So, we just had an experience;
it was the kind of experience that gives you greater insight into your family, your life and your being as a whole.
This experience opened my eyes to a stark truth:
I do not know how to toilet train my son.
But first, I will backtrack.
My daughter made potty training look (and seem) easy.
As a teacher and new mother I had heard of people taking entire weekends, dedicated solely to getting their kid on the toilet. Instead of enjoying time off or a vacation, spring break was, instead, a chance to get shit done (pun intended).
For my daughter, when she turned two it went something like this:
Me: “Look! I got you some pretty underwear.”
Daughter: “Wow! They’re so pretty.”
Me: “Okay. Well, if you want to wear them then you need to stop using a diaper and start using the toilet.”
Daughter: “Sounds like a plan!”
But in all seriousness, it was easy and fast and she made it through that phase with little accidents and great enthusiasm for princess panties.
Now, I have another child who is “of that age” and I am just starting to think about the process of toilet training.
Before you jump on me, let me say this:
I know that all kids move at their own unique speeds. I will not be making this a high pressure thing. Not at all.
My son is not even two and a half years old, and I am not desperate to get him out of diapers.
I want him to do things on his own time.
I also know, anecdotally, that boys are typically a bit harder to train. Please do not think that I am stereotyping. Just using data that I gathered as a long-time preschool teacher.
In any case, today my husband went out of state for steak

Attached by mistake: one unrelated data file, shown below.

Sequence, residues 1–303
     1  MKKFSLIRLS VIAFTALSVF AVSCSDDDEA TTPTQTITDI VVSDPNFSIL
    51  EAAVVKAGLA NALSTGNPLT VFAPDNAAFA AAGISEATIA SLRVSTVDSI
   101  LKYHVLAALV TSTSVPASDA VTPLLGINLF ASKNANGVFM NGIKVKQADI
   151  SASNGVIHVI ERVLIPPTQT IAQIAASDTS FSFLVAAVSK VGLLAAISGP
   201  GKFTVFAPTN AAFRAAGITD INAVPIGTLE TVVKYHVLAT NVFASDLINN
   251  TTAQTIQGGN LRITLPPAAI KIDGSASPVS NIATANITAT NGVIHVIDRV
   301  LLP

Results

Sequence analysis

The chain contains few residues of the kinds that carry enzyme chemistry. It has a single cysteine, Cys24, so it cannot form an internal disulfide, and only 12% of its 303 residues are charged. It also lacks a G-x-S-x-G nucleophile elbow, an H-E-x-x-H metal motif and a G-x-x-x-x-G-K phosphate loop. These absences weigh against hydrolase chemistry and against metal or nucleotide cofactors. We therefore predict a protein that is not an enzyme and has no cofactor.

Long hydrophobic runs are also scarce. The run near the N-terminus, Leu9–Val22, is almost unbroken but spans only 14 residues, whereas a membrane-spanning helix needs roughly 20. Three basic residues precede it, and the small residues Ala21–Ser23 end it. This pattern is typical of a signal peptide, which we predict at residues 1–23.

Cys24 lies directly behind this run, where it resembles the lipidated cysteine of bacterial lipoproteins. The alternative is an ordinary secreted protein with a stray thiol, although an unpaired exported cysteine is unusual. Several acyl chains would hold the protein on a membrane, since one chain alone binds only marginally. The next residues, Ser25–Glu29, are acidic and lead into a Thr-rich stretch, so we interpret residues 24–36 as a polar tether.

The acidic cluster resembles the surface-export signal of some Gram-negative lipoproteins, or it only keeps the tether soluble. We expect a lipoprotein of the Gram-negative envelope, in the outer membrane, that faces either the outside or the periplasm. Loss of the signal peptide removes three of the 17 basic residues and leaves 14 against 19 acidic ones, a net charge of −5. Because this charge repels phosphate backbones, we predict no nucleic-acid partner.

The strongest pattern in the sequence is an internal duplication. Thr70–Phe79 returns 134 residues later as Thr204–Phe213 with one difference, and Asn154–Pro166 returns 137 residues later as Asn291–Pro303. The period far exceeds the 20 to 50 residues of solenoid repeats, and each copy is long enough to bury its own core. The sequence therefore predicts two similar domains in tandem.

(as most people do on Sundays)
and so I got to spend time with my kiddos. Which meant that they got to spend some alone time with each other.
They made up games (he put my fuschia throw blanket around his head and was “Little Red Riding Hood”; he learned how to stand on his sister’s footboard and jump onto her bed; at one point I called out to ask, “You’re not making a mess, are you?” to which she replied, “We are only making a mess with laughter!”)…
until my daughter came racing into my room, breathless.
“My brother took off his diaper and wants to go on the toilet!”
I jumped at the chance.
I carried his bare tush into the bathroom, put a potty seat down on the toilet to make it feel less large & intimidating and got to work.
Having a six year old daughter who often acts like she’s 26 was very helpful, here. She was with me, and totally got it.
And it got me thinking: the last time that she and I did a serious bathroom mission together was the March morning in 2013 (during which time my husband was also out for a big meal with his supper club crew) and I peed on a stick to see two lines appear. She was just a month shy of being three at the time, and so she definitly didn’t get it when I said, “The positive line is even darker than the control line!” but today we were demonstrating that we have both grown up in the past three years.
Without wanting to put pressure on my son, my daughter and I were pretty passionate about getting him to try peeing on the potty.
I tried running the water.
She ran downstairs and got him a bottle of water.
“Water is great for you, because it is filled with fluids!” she told her brother earnestly.
I made up songs.
I whispered a chant.
“Go pee go! Go pee go!”
I offered to get him cool new underwear. My daughter offered up her own pairs.
She and I were totally a team and that felt great.
But I couldn’t figure out a way to get him to pee somewhere other than in his diaper, in the bath or on the floor.
And that is when it hit me that I do not know how to toilet train my son.
Finally, after a good ten minutes of singing and water-running, my son asked me to put his diaper back on and I obliged. I am going to stick by my word and let him do this at his own speed.
And even though we did not emerge from the bathroom triumphantly, I found the little vignette to be incredibly special.
I met both of my kids’ needs at the same time and I did what I felt was best for them.
We shared laughter and some bonding.
I made new memories.
I felt like a real mom…
…even though I do not know how to toilet train my son.